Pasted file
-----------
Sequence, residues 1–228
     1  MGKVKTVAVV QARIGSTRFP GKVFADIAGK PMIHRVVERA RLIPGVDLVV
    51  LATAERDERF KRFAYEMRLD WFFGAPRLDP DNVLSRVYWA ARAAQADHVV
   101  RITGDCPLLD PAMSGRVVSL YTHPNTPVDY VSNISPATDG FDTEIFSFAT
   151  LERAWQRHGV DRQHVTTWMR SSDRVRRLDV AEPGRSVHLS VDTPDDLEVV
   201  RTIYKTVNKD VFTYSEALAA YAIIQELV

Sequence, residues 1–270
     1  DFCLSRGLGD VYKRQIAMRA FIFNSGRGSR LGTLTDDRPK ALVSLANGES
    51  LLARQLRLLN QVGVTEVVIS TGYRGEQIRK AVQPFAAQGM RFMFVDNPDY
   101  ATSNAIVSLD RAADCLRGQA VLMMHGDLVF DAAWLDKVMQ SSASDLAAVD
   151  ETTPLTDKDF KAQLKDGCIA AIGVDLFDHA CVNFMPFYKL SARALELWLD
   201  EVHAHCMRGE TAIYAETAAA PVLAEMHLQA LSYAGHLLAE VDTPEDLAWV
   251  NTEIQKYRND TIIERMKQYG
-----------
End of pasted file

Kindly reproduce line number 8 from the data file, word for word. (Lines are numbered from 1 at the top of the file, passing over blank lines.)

     1  DFCLSRGLGD VYKRQIAMRA FIFNSGRGSR LGTLTDDRPK ALVSLANGES